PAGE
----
Knowledge is power, so staying up-to-date on recent developments with disability and social security benefits is truly important if it touches you or someone in your life. Therefore, Social Security Law aims to provide you with the latest developments in regards to pending governmental acts, social movements and more. Recent developments include:
The ABLE Act: As noted by the Washington Post, the ABLE Act (Achieving a Better Life Experience) is on the Senate’s agenda this year. Currently, people with disability on Medicaid cannot earn over a certain amount each month or they are penalized. In addition to lifting the strict earning limits, it would fund basics like schooling and occupational training, shelter and transportation and doctor’s bills. The aim of this bill is to improve the overall quality of life for the millions of people who will be influenced.
The fight for civil rights: Disability activism groups are taking action to fight for civil rights. When the Civil Rights Summit was held (and even attended by President Obama), subjects like sexism, race, sexuality and immigration were on the docket, but individuals with disabilities were surprisingly absent from the conversation. However, as covered by Lubbock Online, advocates gathered in Austin Texas to make sure that their voices were heard and message was not ignored. The results? One of the leaders, Lex Frieden, was warmly invited to share his experience and viewpoint on a panel about social justice.
San Francisco’s BART system in question: Home of the Golden Gate Bridge and numerous technology companies, San Francisco has always been praised as being a forward-thinking metropolitan. However, its popular BART transport system’s latest model for the train’s cars is currently under fire for not being accessible for individuals who need it the most, individuals with disability. The “Fleet of the Future” features a pole down the center of the aisle that could make it hard for wheelchairs to access much of the train. Legally, the train is in adherence to the required distance between the pole and car doors (as stated by the American with Disability Acts), but members of the community are still vocalizing their dismay. Click here to read more.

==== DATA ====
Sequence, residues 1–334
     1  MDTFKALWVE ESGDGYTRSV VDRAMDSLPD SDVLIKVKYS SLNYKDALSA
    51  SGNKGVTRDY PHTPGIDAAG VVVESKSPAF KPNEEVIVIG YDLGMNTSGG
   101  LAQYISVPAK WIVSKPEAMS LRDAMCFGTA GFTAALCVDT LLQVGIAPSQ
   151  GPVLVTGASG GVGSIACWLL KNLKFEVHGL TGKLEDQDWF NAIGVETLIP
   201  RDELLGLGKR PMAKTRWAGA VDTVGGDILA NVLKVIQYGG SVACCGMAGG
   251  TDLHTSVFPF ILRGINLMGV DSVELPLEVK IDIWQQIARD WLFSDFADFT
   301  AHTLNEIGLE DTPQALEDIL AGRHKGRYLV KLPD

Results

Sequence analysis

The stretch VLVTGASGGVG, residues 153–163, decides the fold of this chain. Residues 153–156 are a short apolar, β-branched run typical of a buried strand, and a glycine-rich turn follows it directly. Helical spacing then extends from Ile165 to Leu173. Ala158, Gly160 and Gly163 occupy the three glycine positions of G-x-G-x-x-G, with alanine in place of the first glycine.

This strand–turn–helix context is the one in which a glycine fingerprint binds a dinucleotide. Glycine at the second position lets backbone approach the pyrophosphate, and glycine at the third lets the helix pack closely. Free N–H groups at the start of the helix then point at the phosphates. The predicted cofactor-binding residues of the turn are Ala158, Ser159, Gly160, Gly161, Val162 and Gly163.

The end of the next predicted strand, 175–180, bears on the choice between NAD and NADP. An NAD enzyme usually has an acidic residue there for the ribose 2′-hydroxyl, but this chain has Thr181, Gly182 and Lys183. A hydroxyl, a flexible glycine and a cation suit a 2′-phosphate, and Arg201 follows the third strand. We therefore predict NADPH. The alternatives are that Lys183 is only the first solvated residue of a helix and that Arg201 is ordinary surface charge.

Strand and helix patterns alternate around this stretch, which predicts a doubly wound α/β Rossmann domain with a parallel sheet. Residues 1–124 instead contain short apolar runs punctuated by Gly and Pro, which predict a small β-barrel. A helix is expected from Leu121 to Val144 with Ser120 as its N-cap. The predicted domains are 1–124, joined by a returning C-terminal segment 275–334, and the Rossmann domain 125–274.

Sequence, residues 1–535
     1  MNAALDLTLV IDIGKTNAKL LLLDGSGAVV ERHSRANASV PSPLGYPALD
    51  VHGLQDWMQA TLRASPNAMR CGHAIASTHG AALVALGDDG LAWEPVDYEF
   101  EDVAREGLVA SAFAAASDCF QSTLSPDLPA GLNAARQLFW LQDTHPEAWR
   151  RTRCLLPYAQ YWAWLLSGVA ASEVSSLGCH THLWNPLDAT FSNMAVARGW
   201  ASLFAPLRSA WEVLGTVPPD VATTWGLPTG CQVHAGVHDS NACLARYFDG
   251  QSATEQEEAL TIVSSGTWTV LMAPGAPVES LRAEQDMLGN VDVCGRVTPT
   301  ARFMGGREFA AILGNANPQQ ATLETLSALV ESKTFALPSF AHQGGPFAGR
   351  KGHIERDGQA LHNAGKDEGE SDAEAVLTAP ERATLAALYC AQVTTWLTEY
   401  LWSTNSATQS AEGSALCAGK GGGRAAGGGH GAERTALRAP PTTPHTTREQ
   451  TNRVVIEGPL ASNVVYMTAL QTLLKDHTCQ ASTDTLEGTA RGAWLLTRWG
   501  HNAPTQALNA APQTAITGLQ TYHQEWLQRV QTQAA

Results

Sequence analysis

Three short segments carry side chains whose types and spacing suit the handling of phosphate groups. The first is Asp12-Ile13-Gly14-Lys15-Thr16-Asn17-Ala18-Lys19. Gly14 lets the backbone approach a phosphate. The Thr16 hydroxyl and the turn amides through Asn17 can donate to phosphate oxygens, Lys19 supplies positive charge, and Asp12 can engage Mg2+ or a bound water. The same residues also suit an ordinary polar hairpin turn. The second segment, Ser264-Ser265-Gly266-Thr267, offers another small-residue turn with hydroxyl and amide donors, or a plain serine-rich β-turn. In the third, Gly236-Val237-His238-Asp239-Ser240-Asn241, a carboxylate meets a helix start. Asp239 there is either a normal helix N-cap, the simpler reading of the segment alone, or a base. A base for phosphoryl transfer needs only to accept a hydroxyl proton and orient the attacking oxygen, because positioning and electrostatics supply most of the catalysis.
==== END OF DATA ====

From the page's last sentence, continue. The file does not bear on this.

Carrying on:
Gaming technology improves month: Virtual technology doesn’t only provide hours of entertainment to players, but it can speed up the improvement of stroke victims. Games that utilize balance, like soccer goalkeeping and snowboarding, encourage the participants to maintain balance and continuously shift weight. Studies showed that stroke victims that regularly participated in such virtual activities were able to walk easier/longer than people who did not. For more information, click here.